At the center of the discussion was the federal Build Back Better Act. The yet-to-be-passed bill includes clean energy provisions, a $320 billion investment in clean energy and electric vehicle tax credits that would be expected to fulfill U.S. President Joe Biden’s goal of cutting greenhouse gas emissions by 50% by 2030 nationwide. The bill passed the House of Representatives, but failed to pass in the Senate after Senator Joe Manchin, a Democrat representing West Virginia, said he would not support the plan. The Senate has moved onto a host of other issues, leaving the future of Build Back Better hazy.

“Although the Build Back Better Act is in limbo now at the Senate level, the funds allocated for this clean energy transition at a national level,” said Shaun Hoyte, section manager of Con Ed’s Clean Energy Academy. “It may seem like a drop in a bucket, but we need to follow the money.”

New York representatives, scientists and activists fear there is no time to waste when it comes to taking climate action.

Experts of the energy sector gather at Dock 72 in Brooklyn’s Navy Yards to discuss the city’s and the borough’s transition to clean energy. Photo by Ximena Del Cerro

“Every major league actor that our society has, worldwide, has recognized the mistakes of our past,” said the President of the New York League of Conservation Voters, Julie Tighe, in regards of pollution from fossil fuels. “We are having conversations about the evolution of our society and people are engaged, in New York at least. Washington can’t get their act together although I still hope Senator Schumer will get some kind of major climate action.”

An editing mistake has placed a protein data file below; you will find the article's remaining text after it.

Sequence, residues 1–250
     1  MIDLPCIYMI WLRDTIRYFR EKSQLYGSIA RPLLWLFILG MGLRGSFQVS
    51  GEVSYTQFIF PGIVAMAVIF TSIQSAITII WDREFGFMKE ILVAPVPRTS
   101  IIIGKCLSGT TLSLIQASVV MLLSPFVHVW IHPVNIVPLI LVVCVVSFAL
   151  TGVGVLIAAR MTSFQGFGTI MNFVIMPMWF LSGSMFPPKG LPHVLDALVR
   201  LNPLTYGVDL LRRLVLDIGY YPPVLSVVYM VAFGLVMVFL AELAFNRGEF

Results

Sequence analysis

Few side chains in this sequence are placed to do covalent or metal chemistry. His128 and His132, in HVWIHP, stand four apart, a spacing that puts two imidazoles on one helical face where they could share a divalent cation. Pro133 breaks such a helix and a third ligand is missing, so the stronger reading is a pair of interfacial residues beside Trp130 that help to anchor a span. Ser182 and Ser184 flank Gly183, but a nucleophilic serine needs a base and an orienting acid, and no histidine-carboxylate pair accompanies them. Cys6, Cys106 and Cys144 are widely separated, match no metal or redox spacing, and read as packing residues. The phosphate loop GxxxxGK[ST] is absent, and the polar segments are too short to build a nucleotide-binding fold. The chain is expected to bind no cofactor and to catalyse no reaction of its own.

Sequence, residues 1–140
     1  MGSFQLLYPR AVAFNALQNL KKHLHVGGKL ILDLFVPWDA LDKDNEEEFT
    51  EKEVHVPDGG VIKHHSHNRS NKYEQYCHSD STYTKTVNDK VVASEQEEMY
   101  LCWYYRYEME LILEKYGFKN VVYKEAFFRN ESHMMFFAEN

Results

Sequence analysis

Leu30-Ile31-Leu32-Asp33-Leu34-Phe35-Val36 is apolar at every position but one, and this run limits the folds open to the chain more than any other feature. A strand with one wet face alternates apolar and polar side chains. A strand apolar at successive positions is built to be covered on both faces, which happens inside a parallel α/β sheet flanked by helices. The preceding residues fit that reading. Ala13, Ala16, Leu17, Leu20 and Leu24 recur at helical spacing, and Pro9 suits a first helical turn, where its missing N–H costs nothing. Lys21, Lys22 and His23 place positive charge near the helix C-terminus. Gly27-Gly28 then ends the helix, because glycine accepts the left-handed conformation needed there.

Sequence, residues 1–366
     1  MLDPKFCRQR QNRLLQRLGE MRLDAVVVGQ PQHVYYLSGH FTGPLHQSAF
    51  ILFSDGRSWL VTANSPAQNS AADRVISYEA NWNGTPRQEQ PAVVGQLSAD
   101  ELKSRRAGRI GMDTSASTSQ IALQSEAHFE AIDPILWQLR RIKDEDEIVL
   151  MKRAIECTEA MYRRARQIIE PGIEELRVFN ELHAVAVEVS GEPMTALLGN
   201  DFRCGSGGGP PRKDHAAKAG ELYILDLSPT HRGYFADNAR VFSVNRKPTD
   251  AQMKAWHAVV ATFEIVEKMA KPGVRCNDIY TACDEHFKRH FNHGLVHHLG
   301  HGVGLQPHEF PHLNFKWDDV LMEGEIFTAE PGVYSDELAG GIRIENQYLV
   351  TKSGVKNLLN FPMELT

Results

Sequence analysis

The panel also included Mark Chambers, senior director for building emissions and community resilience at the White House Council on environmental quality. Chambers leads the Biden-Harris Administration’s climate policy development for the built environment as part of a whole of government approach to the climate crisis. He previously served as the Director of the New York City Mayor’s Office of Sustainability.

To keep things local, the chamber also invited Reflective Energy Solutions; a energy efficiency assessing company, American Association of Blacks in Energy (AABE); an association of energy professionals focused inputting minorities into the discussion and development of energy policies, regulations, and tech development, Slow Factory; school of climate justice and social inequity through regenerative design and others.

“Jobs are here,” said William Suggs, president of the AABE. “We are not training enough young people to take engineering jobs, to be master electricians, testers, mechanics. This union jobs are some of the best-paid out here. Young people are making $140,000 dollars a year.”

The AABE has an energy academy and offers scholarships for high school graduates and programs for young people starting at the age of nine to introduce them to science and the energy industry.

“The goal is to engage in a community wide and community focused conversation on how we are going to undertake this massive cultural, technological and practical shift in the energy space,” Peers said. “We need a workforce, a skilled workforce that’s going to be able to implement a lot of this change. In Brooklyn, we’ve cultivated a lot in the energy-tech sector, so I think Brooklyn can be a nation leader in the energy transition.”